Get parochial….non-league’s best bet

hitchin crowdWant to cut down on travelling, wages and save time? Then introduce county leagues and watch the importance of the FA Cup, FA Trophy and FA Vase rise and the standard of the average non-league game gradually go up. Madness? Not really. What does it matter if the team you are playing is from Devon, Shropshire, Warwickshire or indeed, Hertfordshire? Very few non-league players are known outside their own locality and teams are much of a muchness wherever you are.  Moreover, outside of Step 1, non-league travelling fans hardly represent multitudes of supporters rampaging their way to the game, swelling the gates. It’s about a name, no more than that. Names like Bashley, Barwell, Leiston and Whitehawk scarcely roll off the tongue and make it salivate with expectation. In short, most people don’t know where these places are.

It’s time for proper alignment and removal of silos. That would mean collapsing the current Conference North & South, Isthmian, Southern, Northern Premier leagues and introducing four leagues at level two, finding a better geographical split, and a better solution for the far north and the west.

Step 1 – Conference
Step 2 –  Regional Leagues North, London & South East,  Midlands & East, South & West (24 teams apiece) – five down from each.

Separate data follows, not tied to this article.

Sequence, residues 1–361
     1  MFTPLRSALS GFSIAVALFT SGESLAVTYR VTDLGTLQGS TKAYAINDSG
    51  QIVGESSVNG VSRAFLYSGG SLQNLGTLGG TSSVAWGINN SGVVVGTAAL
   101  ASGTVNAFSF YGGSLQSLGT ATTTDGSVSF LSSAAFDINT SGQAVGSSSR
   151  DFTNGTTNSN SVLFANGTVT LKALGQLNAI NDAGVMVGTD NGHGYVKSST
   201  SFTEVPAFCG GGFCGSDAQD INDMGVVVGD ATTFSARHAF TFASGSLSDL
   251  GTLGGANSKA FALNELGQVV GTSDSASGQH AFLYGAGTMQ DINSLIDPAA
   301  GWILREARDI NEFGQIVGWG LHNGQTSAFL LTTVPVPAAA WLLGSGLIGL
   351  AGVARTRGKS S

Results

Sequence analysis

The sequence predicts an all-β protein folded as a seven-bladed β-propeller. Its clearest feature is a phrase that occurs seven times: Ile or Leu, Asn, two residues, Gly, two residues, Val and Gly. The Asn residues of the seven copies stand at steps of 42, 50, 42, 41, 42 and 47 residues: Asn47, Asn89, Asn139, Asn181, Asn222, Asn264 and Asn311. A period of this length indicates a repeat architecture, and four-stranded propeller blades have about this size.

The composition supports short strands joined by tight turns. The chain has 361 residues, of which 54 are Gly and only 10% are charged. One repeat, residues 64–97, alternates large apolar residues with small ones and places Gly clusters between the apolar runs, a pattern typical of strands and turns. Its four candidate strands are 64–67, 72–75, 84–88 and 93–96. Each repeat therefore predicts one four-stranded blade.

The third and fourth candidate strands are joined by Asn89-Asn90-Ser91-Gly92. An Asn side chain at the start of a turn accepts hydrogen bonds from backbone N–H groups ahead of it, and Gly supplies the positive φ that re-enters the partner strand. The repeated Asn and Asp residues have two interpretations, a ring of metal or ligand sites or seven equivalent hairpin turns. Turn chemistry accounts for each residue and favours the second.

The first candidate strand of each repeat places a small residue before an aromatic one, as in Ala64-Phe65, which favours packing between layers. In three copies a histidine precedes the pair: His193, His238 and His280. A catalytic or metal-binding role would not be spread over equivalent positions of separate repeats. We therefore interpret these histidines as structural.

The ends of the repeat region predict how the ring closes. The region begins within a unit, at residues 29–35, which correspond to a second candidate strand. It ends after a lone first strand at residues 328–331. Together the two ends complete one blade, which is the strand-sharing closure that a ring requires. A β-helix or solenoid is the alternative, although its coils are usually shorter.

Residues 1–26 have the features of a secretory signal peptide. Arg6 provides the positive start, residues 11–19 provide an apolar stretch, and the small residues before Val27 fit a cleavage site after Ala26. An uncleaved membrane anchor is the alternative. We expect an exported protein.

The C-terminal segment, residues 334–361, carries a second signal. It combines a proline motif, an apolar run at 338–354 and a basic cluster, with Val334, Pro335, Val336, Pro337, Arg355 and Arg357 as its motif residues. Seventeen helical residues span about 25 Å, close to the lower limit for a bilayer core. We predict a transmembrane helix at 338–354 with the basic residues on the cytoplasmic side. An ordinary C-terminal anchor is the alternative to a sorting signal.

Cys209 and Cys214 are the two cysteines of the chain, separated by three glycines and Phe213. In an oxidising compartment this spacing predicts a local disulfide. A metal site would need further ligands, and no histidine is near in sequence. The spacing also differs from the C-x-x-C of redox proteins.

Step 3 – County Leagues (16-20 teams) – Some counties merging to form combined leagues (e.g. Beds and Herts). Champions promoted.
Step 4 –  County Feeders

Taking Bedfordshire & Hertfordshire as an example, this could result in a 20-team league comprising the following: AFC Dunstable; Ampthill Town; Arlesey Town; Barton Rovers; Bedford Town; Berkhamsted; Biggleswade Town; Dunstable Town; Hertford Town; Hitchin Town; London Colney; Oxhey Jets; Potters Bar; Royston Town; St.Albans City; St.Ives Town; St. Margaretsbury; Stotfold; Tring Athletic; Ware

The benefits: Less travelling, bigger pool of players to access, more local derbies. Less time spent at service stations, better energy conservation. The FA competitions will deliver the unusual opposition, those not normally found on the fixture list. The intrigue will return.

The downside: Familiarity breeds contempt. Less “surprise” opposition. Initially, quality may suffer.

For those that find this unpalatable and “pie in the sky”, consider this: Bideford v Cambridge City on a Tuesday night in March. 270 miles each way for Cambridge. Attendance 106. Does that make sense? If that match was a balance sheet, how red would that look?

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